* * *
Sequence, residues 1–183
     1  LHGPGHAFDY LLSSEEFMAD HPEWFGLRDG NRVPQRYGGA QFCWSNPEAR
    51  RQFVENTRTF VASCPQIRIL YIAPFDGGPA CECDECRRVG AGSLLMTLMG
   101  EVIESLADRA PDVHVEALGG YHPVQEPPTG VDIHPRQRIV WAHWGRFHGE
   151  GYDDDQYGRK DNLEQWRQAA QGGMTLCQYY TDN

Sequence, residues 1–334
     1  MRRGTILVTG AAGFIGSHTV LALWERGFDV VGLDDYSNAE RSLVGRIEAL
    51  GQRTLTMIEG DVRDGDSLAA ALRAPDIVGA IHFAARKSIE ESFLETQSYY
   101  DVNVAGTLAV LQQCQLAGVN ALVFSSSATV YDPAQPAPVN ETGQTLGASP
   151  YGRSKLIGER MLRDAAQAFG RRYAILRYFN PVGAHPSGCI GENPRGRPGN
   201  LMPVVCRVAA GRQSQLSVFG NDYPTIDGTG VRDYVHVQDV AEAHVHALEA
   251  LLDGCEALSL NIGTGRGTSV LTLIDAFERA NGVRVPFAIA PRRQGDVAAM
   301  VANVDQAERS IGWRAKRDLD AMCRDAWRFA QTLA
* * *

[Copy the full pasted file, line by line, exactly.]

Sequence, residues 1–183
     1  LHGPGHAFDY LLSSEEFMAD HPEWFGLRDG NRVPQRYGGA QFCWSNPEAR
    51  RQFVENTRTF VASCPQIRIL YIAPFDGGPA CECDECRRVG AGSLLMTLMG
   101  EVIESLADRA PDVHVEALGG YHPVQEPPTG VDIHPRQRIV WAHWGRFHGE
   151  GYDDDQYGRK DNLEQWRQAA QGGMTLCQYY TDN

Sequence, residues 1–334
     1  MRRGTILVTG AAGFIGSHTV LALWERGFDV VGLDDYSNAE RSLVGRIEAL
    51  GQRTLTMIEG DVRDGDSLAA ALRAPDIVGA IHFAARKSIE ESFLETQSYY
   101  DVNVAGTLAV LQQCQLAGVN ALVFSSSATV YDPAQPAPVN ETGQTLGASP
   151  YGRSKLIGER MLRDAAQAFG RRYAILRYFN PVGAHPSGCI GENPRGRPGN
   201  LMPVVCRVAA GRQSQLSVFG NDYPTIDGTG VRDYVHVQDV AEAHVHALEA
   251  LLDGCEALSL NIGTGRGTSV LTLIDAFERA NGVRVPFAIA PRRQGDVAAM
   301  VANVDQAERS IGWRAKRDLD AMCRDAWRFA QTLA